First, I have no fear of death. Don’t get me wrong, I don’t look forward to saying goodbye to family and friends. I don’t look forward to pain and suffering. But as the Apostle Paul said, “For to me, to live is Christ and to die is gain. If I am to go on living in the body, this will mean fruitful labor for me. Yet what shall I choose? I do not know! I am torn between the two: I desire to depart and be with Christ, which is better by far; but it is more necessary for you that I remain in the body.” (Phil 1:21-24 NIV)

Did you see that? “To die is gain…to be with Christ, is better by far.” The fact of the resurrection tells us that what Christ promised can be counted on. “In my father’s house are many rooms. I go there to prepare a place for you.” I don’t fear that place. I look forward to it.

Second, I live in hopeful expectation, of seeing loved ones yes, and friends who have believed, but the hope is far greater than that. I look forward to seeing Jesus face to face, the living Jesus I have known in his word, the presence I have known in prayer, through the veil, and in worship as “through a glass darkly.” “Now we know in part, then we shall know as we have been known.” No more shadows, no more veil but standing (or kneeling) in the presence of my King, rejoicing with him in the beauty, righteousness and glory of his kingdom, celebrating with him at the great feast of the Lamb and drinking anew with him the Cup of the Covenant.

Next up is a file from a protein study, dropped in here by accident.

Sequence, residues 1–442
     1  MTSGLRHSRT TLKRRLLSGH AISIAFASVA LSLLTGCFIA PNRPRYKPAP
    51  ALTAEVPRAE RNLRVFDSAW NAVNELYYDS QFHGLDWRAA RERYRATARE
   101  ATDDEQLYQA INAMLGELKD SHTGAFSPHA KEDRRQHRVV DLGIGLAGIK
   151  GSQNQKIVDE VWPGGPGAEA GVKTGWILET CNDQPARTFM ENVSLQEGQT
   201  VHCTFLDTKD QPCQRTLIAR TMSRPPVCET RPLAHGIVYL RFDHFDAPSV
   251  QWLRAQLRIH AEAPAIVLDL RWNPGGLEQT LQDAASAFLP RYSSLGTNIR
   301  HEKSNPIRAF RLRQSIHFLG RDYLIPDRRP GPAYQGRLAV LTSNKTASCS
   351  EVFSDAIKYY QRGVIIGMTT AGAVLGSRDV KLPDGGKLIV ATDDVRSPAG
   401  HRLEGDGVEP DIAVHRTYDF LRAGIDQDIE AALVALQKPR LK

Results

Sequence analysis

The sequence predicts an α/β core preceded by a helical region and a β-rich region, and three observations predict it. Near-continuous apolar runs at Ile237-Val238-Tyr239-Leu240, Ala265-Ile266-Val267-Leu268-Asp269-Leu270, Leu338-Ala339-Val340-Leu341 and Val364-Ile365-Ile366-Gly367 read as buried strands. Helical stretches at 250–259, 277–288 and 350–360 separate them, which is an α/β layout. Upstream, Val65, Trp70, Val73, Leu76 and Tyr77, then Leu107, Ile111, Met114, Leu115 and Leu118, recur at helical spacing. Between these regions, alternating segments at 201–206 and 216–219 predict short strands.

Finally, every day is Easter to me. Every day is resurrection day. I live in the joy and freedom of the sons of God, for I too have “died to this life and been raised with him to walk in newness of life.” When I take up my own death in Christ (Romans 6) I am free to enjoy all of God’s good gifts on planet earth, good food, good fun, good friends and good love, without the fear that losing any of them to death is a permanent loss of real life. The true source of joy is beyond the reach of death.

My friend Paul knew that hope before he died. Now what about you? Where is your hope? If it is in this world alone, then count on it, you will lose it. But if you have the greatest hope, if it is in the resurrection of Christ, then you will have strength to face the loss of anyone or anything, and no one can steal your joy.

[1] The Holy Bible: New International Version. 1984 (1 Co 15:19–20). Grand Rapids, MI: Zondervan.

THE CUBS AND EVERLASTING HOPE

“Maybe deep heartache takes the nearly impossible to cure because, having lost hope, the only remedy is for it to be replenished by what feels too much like a miracle to ignore.”[1]